Tuning my Air Arms TX200 HC .22

The TX200 HC (Hunter Carbine) is a lovely, accurate, spring powered rifle but is it possible to make a very good rifle even better (quieter, reduce recoil, even more consistent) by:

Making a combined 'O' ring conversion/piston extension to improve the seal and shorten the stroke

Replacing the metal piston weights and spring guides with Delrin or Oilon engineering plastics custom items

Add a PTFE Piston sleeve - Tried, insufficient clearance between spring and piston even for a .25mm thick PTFE shim

All the modifications are non destructive and reversible so the rifle can quickly and easily be reverted to the original specification if required and are designed to make the rifle smoother and more accurate NOT to increase the power. The TX200 (mine is a 2012 model fitted with the Air Arms silencer) must be one of the quickest and easiest rifles in the world to take apart so is ideal for experimentation only taking a couple of minutes to break down (4 screws and one bolt - plus one circlip if you want to remove the compression chamber, but this is not necessary just to change the spring, guide and top hat).  As a lathe novice this was only about the 4th job I attempted on the lathe so the components are not too difficult to make for anyone who wants to have a go themselves or has a friend with a lathe (although the Oilon material is quite difficult to work with compared to Delrin as it is very tough and tends to want to weld itself together when being machined).

Interestingly I was prompted to carry out the tuning because my TX200 had an annoying "Boing" on firing.  It turns out that this wasn't the rifle at all but was actually a spring inside my Hawke Panorama 3-9x50mm scope vibrating.  My Hawke 40mm scopes don't make this noise at all.  Unfortunately this meant that the Hawke 50mm had to go (To someone putting it on a PCP with no recoil so little "Boing")  which was a shame as it was one of my favourite scopes being nice and bright with a clear reticle and this particular scope was closer focusing than my other scopes as it would come down to 8m so great for close vermin control.  However, as it turned out it did me something of a favour as without the "Boing" I would probably have never bothered to carry out the tuning (The TX200 HC was so good as standard) and would have missed out on what is now the best spring powered rifle I have ever owned.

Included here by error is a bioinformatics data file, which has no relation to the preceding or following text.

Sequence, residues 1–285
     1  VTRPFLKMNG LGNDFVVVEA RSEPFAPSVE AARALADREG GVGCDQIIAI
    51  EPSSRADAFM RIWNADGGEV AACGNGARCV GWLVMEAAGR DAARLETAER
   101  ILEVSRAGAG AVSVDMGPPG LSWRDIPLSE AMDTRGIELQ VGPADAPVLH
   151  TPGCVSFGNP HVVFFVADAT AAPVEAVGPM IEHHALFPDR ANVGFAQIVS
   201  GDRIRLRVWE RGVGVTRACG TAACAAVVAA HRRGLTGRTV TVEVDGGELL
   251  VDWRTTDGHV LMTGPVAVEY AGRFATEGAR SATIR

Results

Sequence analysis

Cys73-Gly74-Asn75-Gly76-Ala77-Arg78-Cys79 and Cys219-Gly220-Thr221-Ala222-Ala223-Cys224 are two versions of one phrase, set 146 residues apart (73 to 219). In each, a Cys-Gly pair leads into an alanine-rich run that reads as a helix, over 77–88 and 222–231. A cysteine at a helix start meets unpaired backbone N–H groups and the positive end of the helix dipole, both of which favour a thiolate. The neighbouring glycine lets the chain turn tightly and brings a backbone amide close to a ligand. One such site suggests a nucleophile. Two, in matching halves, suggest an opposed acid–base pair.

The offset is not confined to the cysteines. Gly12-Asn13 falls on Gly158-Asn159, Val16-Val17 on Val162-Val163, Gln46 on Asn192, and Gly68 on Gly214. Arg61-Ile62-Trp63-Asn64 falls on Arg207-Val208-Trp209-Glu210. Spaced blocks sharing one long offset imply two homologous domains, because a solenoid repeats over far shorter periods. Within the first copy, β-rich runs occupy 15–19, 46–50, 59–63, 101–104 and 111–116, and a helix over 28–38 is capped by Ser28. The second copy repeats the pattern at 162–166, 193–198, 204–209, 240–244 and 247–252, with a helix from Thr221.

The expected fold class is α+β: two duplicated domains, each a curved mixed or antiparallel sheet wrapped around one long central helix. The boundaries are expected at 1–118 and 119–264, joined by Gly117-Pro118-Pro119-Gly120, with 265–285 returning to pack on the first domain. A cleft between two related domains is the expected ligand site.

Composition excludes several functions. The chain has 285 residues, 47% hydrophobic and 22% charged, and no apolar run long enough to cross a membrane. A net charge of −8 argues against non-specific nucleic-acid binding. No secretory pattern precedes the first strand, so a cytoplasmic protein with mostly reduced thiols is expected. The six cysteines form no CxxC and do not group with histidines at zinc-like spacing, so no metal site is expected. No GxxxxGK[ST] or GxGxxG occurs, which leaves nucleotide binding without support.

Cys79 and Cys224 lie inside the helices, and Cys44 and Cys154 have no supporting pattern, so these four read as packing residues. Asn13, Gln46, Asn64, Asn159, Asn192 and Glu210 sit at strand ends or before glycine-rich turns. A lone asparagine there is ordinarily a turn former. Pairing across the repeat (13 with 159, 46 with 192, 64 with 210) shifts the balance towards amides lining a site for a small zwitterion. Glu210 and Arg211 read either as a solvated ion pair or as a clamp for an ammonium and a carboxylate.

TX200 Oilon Top Hat and Spring Guide

TX200HC .22 Home made Oil filled nylon (Oilon) replacement Top Hat and Spring Guide

Not visible in the photo, the new Oilon spring guide has a flange machined on the lower face which is a tight fit in the recess of the TX200 trigger housing to locate it firmly in position and reduce vibration. The Oil filled Nylon 6 (Oilon) is a very hard wearing and self lubricating engineering plastic and hopefully it will have sufficient elasticity (It is softer and more elastic than Delrin) to cushion/dampen shock forces and vibration. The permanently self lubricating nylon reduces friction and should improve efficiency and give a faster lock time. Time will tell if it has the necessary strength and fatigue resistance required to cope with the stresses involved especially on the piston head which is also subject to sudden high temperature on firing.

tx200 oilon short-stroke-o-ring conversion

TX200 HC .22 Home made Oil filled nylon (Oilon) piston extension (Shortens Stroke) and Viton O ring seal conversion

The piston extension/O ring conversion piston head is approx. 17.5mm long and compared to the original seal reduces the stroke by about 12.7mm to c. 85.3mm. The piston head is a very tight fit (piston cooled in the freezer, oilon head heated in boiling water to fit) over the existing metal seal retaining dovetail and is secured in position by three equally spaced M2 grub screws tapped into the piston extension. The anti- bear trap still works but only on the last ratchet click. The spring is still the originally fitted air arms standard spring.